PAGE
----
Have you changed the ignition warming light to an LED?
But it’s soluble either way.
Yes, I've done some reading and it seems I need a resistor in parallel.
I tried wiring the original bulb in parallel to see if it would work, the LED now goes out but flickers on and off at tick over. The original bulb doesn't do this. Will a resistor cure this?
Andrew's notes on the subject.
It would be nice to know how many wires are connected to how many terminals on the alternator, but this should work regardless of that.
read through that post but can't seem to find a resistor the right value anywhere.
3 wires on the alternator.
... you've got a spec but can't find the product... or you can't find the spec in the archives?
It says a 40Ω resistor but I can only find much lower numbers?
If you want to replace the alternator warning light with a regular LED properly you will need to do it as shown below:
The 470 ohm resistor limits the current to the LED to around 20 milliamps. Standard red LEDs only require about 2.2 volts across them, connect them directly to a 12 volt supply and they will burn out immediately. You can buy "12V LEDs", these simply contain the 470 ohm resistor or something similar internally. If you get an LED that is designed to work directly on 12 volts then just miss out the 470 ohm resistor. If you get a standard red LED then you will need it. This resistor will be dissipating around 200 milliwatts when the LED is lit so it doesn't need to be anything particularly highly rated. Something like this (470 ohms, 500 milliwatts) will do the job: https://www.mouser.co.uk/ProductDetail/Vishay-BC-Components/SFR25H0004700FR500?qs=sGAEpiMZZMtlubZbdhIBIDRM2xq4Qtv%252B9Fj8WK950Ss%3D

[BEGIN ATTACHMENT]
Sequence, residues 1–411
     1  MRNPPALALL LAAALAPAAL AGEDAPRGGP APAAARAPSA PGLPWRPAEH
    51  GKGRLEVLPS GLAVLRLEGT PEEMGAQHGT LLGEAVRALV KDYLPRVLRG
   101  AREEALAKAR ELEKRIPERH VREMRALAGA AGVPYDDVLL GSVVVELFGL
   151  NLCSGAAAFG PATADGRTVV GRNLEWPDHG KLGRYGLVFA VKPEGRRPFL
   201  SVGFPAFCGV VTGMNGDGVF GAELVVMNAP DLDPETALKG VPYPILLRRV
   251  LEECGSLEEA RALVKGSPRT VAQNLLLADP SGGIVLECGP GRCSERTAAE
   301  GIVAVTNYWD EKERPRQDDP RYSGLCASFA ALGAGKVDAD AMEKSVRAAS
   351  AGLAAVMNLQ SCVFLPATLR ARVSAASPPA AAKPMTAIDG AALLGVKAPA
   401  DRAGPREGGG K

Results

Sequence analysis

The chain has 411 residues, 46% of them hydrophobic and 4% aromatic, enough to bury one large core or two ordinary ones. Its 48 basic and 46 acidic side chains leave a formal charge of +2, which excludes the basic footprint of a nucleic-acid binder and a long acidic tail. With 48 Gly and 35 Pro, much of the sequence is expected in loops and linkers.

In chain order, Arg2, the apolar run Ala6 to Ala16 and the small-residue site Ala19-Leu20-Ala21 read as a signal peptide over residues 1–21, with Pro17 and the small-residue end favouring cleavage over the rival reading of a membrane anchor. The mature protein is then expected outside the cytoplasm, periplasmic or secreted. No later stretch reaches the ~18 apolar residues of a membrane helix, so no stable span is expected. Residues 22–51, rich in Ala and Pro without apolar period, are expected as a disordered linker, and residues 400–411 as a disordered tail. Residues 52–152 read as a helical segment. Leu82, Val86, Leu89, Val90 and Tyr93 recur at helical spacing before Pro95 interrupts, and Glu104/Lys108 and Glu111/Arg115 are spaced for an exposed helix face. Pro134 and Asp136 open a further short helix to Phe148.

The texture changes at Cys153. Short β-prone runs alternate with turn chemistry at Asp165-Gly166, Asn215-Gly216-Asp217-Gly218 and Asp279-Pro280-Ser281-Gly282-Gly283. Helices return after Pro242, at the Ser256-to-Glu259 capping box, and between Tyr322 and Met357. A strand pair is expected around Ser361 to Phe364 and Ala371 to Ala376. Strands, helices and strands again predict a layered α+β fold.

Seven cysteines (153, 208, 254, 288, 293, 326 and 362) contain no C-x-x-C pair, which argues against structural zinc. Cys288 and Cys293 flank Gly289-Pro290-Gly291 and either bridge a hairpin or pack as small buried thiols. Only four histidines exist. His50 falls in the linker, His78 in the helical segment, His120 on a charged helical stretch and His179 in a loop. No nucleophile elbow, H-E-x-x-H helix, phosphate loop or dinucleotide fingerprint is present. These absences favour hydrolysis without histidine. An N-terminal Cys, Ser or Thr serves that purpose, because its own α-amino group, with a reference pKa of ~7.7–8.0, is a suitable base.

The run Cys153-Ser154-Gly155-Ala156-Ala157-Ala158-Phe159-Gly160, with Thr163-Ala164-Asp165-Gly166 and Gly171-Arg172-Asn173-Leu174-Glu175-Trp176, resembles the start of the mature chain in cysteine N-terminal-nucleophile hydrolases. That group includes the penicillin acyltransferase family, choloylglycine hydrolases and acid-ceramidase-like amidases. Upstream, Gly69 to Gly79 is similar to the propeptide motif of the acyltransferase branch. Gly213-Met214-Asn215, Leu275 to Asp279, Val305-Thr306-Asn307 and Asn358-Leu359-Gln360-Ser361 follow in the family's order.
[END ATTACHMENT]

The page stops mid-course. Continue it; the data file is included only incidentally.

The 40 ohm resistor feeds excitation current to the alternator to get it started reliably. The warning light circuit actually performs a dual function, the lamp lights to indicate that the alternator isn't charging the battery correctly but the alternator relies on the current feed through the bulb to provide the initial excitation of the magnetic field to get it to start reliably. An LED passes a much lower current than an incandescent bulb so without the 40 ohm resistor, the alternator is likely to become unreliable. WARNING: If you leave the ignition switched off without the engine running (so the warning LED on) this resistor will get hot (it will be dissipating 3-4 watts of heat) in the same way as a light bulb gets hot. You need a resistor with a power rating of at least 4 watts. Best idea is a resistor with an aluminium casing which can be screwed to the bulkhead behind the dash to dissipate the heat. I would suggest something like this (40 ohms, 5 watts): https://www.mouser.co.uk/ProductDetail/Vishay-Dale/RE60G40R0C02?qs=sGAEpiMZZMtbXrIkmrvidIpgiW9xqmWBX7%252B6ZL1Tbq4%3D
The 1N4001 diode is sometimes necessary; you may get away without it. It is there to prevent the alternator feeding current back out through the warning 40 ohm resistor when the ignition is turned off. Without this, sometimes people find they can't turn their engines off, they just keep running. There's enough current fed back through the warning system to raise the voltage at the ECU's "ignition sense" terminal above the threshold where it detects whether the ignition is on or off. Note that the diode should be black with a white or silver band around one end. This end is the cathode (NEGATIVE terminal, marked K in the diagram) and must be connected towards the alternator rather than towards the supply. Something like this would do the job: https://www.mouser.co.uk/ProductDetail/Taiwan-Semiconductor/1N4001G-K-R0G?qs=sGAEpiMZZMve4%2FbfQkoj%252BOpeCiqr8ESJlhwZD%2FsxJwA%3D
All of the above parts are from the same supplier (Mouser Electronics) and available to order in multiples on 1.
Hope that helps,
SV VVC 170 - 170.4 bhp @ 7100 rpm - 142.4 ft.lb. @ 4900 rpm
Thanks Andrew, brilliant,